Hemedti has recently taken several steps to secure his political career in Sudan. He has forged alliances with Sudanese parties and political leaders, in addition, he has also attempted to move closer to the revolutionaries through embracing their slogans. Hemedti has strong connections with regional actors and has accumulated significant wealth as a result of his extensive military clout and control over the gold mines in Darfur. He has established several companies that have allowed him to increase his wealth and preserve the huge economic gains he has made over the past few years.

Potential Outcomes and Repercussions of the Crisis  

The ongoing conflict between the Sudanese army and RSF may cause further delays in the signing of the framework agreement, potentially risking the country’s political transition and advancement of democracy. Sudan is likewise experiencing poor economic conditions and a volatile security situation. As a result, the continuous clashes are likely to exacerbate the domestic situation.

If the Sudanese army manages to win the battle in the capital Khartoum, the RSF will move to other areas, particularly Darfur, thus turning into a rebel group that could pose a huge danger to security in Sudan. The RSF may also begin to mobilize and integrate Darfur’s rebel groups into one entity in preparation for the separation of the region. This analysis is supported by the fact that the army is insisting on defeating the RSF, which it has designated as a renegade force. But if the opposite happens, the RSF defeats the army — the situation on the ground shows that the army has the upper hand due to its airpower superiority — this will mean dismantling the army and its well-established institutions, with Hemedti taking control of the whole of Sudan. Thus, he will rule Sudan solely, a scenario the majority of the Sudanese people reject.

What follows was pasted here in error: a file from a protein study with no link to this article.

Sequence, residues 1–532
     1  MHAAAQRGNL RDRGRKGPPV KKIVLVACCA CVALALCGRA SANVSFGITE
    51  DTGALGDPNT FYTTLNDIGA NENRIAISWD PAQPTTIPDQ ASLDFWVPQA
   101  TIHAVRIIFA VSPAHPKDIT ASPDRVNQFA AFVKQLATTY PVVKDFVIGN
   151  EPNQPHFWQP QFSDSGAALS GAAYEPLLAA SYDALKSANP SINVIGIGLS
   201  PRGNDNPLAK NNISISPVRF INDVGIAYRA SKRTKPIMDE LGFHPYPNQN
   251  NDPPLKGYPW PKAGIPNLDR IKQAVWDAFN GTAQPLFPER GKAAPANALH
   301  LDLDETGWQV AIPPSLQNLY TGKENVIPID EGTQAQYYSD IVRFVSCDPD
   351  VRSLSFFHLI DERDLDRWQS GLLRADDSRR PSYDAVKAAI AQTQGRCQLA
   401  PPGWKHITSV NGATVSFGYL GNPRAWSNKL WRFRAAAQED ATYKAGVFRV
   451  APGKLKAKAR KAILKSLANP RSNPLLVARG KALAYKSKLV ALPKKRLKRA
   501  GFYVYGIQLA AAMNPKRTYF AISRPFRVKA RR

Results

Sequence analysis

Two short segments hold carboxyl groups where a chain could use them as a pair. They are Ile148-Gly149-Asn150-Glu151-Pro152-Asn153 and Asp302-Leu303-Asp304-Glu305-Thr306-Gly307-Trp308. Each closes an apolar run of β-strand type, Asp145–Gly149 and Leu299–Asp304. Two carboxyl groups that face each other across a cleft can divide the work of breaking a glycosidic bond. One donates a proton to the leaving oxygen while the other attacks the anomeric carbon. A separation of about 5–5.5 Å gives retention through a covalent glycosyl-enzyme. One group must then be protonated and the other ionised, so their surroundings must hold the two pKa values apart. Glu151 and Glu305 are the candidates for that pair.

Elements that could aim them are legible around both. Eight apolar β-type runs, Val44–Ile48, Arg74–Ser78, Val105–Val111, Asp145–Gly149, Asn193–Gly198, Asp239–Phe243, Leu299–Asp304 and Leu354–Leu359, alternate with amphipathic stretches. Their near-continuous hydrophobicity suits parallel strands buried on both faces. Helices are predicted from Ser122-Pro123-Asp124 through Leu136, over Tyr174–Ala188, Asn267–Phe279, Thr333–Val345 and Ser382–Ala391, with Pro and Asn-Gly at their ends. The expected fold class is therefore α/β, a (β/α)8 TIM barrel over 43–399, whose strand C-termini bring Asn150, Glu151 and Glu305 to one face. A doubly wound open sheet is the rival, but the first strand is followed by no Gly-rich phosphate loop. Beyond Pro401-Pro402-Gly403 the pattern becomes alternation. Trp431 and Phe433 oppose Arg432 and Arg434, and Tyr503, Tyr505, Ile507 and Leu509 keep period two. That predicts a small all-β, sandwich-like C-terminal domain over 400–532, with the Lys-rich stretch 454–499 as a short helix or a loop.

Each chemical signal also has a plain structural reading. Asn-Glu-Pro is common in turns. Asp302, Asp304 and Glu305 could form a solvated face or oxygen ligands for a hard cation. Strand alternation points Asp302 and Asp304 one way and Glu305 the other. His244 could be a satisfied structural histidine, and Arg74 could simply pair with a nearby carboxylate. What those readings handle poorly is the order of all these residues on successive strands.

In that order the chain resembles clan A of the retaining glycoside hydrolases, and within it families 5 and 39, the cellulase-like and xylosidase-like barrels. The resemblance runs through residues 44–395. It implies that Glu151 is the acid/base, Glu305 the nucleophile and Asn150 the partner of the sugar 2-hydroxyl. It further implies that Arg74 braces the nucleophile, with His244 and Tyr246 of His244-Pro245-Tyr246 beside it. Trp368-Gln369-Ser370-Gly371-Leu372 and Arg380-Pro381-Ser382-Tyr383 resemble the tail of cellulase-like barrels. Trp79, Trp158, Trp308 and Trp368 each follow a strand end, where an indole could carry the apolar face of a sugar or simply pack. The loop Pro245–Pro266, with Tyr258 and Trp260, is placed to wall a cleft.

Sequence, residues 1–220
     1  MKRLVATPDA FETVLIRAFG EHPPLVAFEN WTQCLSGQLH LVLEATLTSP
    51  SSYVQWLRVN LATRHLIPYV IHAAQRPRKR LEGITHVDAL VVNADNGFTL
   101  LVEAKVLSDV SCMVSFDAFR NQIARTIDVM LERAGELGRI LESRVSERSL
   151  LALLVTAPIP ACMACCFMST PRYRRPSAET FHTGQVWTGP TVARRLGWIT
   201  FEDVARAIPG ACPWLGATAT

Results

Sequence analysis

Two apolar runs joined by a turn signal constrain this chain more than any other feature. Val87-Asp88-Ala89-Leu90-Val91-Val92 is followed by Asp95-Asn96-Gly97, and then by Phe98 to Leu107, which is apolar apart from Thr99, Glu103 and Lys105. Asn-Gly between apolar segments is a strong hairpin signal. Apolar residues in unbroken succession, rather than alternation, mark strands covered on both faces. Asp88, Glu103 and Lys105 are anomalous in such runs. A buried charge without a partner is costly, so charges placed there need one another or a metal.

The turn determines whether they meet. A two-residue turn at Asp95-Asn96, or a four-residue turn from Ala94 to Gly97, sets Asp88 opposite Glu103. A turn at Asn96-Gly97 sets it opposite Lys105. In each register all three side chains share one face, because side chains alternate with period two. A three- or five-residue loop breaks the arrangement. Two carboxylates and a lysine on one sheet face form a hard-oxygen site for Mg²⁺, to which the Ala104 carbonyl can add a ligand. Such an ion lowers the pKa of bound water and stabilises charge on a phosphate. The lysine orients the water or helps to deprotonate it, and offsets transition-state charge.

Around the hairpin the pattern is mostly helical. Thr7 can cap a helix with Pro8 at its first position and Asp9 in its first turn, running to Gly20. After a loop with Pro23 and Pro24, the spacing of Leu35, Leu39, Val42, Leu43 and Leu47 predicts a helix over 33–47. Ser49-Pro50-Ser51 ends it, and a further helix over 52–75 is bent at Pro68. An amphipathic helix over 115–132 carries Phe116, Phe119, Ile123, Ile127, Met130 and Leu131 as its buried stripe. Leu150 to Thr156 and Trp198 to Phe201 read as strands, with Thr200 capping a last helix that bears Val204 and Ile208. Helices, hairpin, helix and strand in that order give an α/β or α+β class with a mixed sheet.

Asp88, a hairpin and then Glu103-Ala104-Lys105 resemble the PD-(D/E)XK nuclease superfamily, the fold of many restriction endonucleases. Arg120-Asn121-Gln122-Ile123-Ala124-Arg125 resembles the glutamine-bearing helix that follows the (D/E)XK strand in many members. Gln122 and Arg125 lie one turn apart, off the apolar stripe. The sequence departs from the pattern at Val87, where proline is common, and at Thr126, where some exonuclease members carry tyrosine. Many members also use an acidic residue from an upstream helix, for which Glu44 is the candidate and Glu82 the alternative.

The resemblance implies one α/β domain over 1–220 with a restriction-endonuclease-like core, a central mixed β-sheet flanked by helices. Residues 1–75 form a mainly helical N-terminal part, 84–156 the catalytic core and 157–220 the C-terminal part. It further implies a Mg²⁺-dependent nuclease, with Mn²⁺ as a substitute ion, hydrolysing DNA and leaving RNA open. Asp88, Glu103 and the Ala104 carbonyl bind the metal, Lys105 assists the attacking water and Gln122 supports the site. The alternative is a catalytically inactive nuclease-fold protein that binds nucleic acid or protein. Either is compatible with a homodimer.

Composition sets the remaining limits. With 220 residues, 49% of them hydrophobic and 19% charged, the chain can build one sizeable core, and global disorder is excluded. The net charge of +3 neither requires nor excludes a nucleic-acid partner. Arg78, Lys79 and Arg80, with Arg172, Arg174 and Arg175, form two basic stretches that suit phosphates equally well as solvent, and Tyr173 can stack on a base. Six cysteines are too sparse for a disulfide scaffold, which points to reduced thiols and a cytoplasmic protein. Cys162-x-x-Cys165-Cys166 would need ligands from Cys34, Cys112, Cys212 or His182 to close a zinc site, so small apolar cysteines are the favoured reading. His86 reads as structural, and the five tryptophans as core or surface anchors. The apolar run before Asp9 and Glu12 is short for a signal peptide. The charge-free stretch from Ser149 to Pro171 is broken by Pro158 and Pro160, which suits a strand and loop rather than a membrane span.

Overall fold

The framework agreement includes mechanisms to dismantle the old order. Over the past days, Bashir’s supporters have launched extensive campaigns to abort the agreement. Therefore, the continuation of the clashes between the army and RSF directly favors the supporters of the deposed government who seek to retake power. Moreover, if the agreement falls apart and the army seizes power, Bashir’s supporters will triumph over Sudanese civilian political forces that are waging a fierce political battle to render successful the process of transitioning the country to civilian rule. Burhan’s measures on October 25, 2021, allowed many of Bashir’s supporters to return to state apparatuses.

The framework agreement’s most important provisions stipulate: the revolutionary forces shall choose an interim prime minister; elections should be organized at the end of the two-year transitional period; the prime minister has the power to appoint a spy chief; a comprehensive drive to disclose crimes and hold perpetrators accountable shall be launched; a patriotic, unified and professional army shall be formed; the RSF shall be integrated into the armed forces; the security forces shall be answerable to the Ministry of Interior; military coups shall be criminalized and the army, security forces and intelligence services shall be banned from launching businesses; a balanced foreign policy that serves the country’s interests shall be adopted and economic deterioration in the country shall be ceased. Thus, the continuation of the clashes between the army and RSF will lead to the framework agreement being aborted. Moreover, the clashes will lead to the army hijacking the country under the pretext of volatility and the need to restore calmness to the country.  

In conclusion, it is apparent the armed clashes currently raging between the army and RSF in the capital Khartoum and other Sudanese cities are reflective of the fact that the country has descended into chaos.  Each side is adamant about crushing the other, despite regional and global fears that the conflict could expand. To avoid Sudan being flung into the unknown, the commanders of the two military apparatuses must listen to the voice of reason and choose dialogue. Arab countries are trying to contain the crisis by asking for an Arab League emergency summit to examine possible ways for calming the situation. Additionally, there is Saudi mediation between Hemedti and Burhan that could help in resolving the crisis before it is too late.

Editorial Team